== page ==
By Charli Shield
After the novel coronavirus broke out in Wuhan, China in late December 2019, it didn't take long for conspiracy theorists to claim it was manufactured in a nearby lab.
Deforestation, habitat encroachment<p>As people move further into the territories of wild animals to clear forests, raise livestock, hunt and extract resources, we are increasingly exposed to the pathogens that normally never leave these places and the bodies they inhabit.</p><p>"We're getting closer and closer to wild animals," says Yan Xiang, professor of virology at the University of Texas Health Science Center, "and that brings us into contact with these viruses."</p><p>"As you increase human population density and increase encroachment onto natural habitats, not just by people but by our domesticated animals, you're increasing the rolls on the die," David Hayman, professor of infectious disease ecology at Massey University in New Zealand, told DW.</p><p>But, as well as increasing the likelihood of transfer, ecosystem disruption also has an impact on how many viruses exist in the wild and how they behave.</p>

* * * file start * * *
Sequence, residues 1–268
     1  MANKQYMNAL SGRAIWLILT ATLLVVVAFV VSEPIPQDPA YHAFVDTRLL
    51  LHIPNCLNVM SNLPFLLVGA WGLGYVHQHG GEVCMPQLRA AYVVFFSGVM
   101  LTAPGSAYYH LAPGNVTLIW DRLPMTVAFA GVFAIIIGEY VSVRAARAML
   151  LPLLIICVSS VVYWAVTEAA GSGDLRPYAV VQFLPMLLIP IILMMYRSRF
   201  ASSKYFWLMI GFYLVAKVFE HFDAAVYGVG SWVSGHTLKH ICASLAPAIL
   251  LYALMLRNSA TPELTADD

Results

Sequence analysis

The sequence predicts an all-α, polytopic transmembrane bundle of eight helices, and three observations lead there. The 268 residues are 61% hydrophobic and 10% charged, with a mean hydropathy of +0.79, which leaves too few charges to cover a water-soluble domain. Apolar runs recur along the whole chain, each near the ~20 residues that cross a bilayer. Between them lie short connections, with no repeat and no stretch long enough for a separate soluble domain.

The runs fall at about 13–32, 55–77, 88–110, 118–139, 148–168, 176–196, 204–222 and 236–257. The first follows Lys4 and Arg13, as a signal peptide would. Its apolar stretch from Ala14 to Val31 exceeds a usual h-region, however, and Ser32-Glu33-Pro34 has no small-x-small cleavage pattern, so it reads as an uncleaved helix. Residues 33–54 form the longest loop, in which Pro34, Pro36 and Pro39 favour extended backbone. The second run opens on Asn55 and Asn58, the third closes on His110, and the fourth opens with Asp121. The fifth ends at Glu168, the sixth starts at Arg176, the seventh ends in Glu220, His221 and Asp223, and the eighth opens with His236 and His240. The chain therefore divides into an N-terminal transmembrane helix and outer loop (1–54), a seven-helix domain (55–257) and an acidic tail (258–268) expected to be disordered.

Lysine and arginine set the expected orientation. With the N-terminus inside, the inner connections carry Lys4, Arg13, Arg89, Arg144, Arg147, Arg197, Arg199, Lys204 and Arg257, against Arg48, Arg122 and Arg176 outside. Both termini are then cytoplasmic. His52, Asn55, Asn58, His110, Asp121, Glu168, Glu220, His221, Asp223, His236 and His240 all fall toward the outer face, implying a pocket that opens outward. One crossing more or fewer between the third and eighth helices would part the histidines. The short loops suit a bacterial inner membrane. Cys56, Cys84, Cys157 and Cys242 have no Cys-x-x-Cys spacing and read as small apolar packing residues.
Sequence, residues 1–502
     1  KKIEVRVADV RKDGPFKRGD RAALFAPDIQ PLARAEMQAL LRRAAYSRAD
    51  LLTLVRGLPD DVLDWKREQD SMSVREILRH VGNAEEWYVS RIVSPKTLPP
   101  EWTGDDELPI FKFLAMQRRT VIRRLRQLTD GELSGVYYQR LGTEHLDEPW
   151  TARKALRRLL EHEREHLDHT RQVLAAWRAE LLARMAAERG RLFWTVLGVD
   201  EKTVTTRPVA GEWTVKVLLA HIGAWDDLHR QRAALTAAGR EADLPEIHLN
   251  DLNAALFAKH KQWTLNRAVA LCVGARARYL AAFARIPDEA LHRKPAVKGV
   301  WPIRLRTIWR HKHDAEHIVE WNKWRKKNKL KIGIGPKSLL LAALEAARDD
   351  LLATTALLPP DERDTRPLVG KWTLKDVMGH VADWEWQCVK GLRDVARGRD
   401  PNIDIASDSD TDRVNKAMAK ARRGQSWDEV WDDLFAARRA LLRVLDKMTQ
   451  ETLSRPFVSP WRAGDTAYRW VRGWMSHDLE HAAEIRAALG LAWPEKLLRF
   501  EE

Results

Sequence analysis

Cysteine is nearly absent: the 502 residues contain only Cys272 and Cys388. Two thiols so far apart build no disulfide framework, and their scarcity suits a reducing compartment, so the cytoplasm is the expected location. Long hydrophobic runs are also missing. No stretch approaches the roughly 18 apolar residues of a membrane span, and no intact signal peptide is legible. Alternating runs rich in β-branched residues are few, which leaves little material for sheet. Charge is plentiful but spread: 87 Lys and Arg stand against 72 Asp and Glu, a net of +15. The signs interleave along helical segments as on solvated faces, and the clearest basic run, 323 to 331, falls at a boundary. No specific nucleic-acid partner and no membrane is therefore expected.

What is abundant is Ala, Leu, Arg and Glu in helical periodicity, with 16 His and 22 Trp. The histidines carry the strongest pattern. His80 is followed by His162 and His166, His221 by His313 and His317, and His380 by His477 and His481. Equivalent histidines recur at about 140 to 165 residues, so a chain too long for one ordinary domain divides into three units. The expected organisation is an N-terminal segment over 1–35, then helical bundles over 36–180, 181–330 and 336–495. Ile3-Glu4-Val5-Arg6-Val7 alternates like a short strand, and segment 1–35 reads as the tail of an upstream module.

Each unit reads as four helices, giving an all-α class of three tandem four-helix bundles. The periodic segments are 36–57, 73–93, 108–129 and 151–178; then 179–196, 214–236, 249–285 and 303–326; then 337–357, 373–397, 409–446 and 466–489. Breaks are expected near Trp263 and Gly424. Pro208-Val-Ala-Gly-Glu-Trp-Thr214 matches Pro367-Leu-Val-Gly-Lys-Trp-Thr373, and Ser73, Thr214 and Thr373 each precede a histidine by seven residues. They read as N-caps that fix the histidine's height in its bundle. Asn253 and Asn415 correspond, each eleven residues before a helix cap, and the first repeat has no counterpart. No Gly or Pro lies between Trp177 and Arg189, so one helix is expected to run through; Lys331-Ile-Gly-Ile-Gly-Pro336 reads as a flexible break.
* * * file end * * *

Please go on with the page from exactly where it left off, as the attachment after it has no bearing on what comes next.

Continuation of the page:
Wildlife trade<p>So-called "wet markets" selling produce, meat and live animals provide another incubator for the emergence of infectious disease. Scientists <a href="https://www.cell.com/action/showPdf?pii=S0092-8674%2820%2930328-7" target="_blank">believe</a> there's a strong possibility SARS-CoV-2 emerged at a wet market in Wuhan, China.</p><p>Cramming stressed, sick animals into cages together is, in many ways, the "perfect setting" to incubate new pathogens, Spangenberg says, and "an excellent way to transfer diseases from one species to another." For that reason, many scientists, including Spangenberg, say the world needs, at the very least, to introduce strict regulations for live animal markets.</p><p>That's the message from Elizabeth Maruma Mrema, the United Nations' biodiversity chief, who has called for a global ban on wildlife markets.</p><p>But as Mrema also pointed out, millions of people — particularly in low-income communities — rely on the food and income sources these markets provide.</p><p>That's part of what makes solutions to preventing disease outbreak complex, according to Hayman. Animal exploitation is one part of it, he says. But "poverty, access to jobs, how people are treated in remote areas, the way people engage with food" also contribute to conditions that lead to spillovers.</p>
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In a move roundly decried by public health experts, President Donald Trump announced Tuesday he would halt U.S. funding for the World Health Organization (WHO) as his administration investigates the international body's handling of the coronavirus pandemic.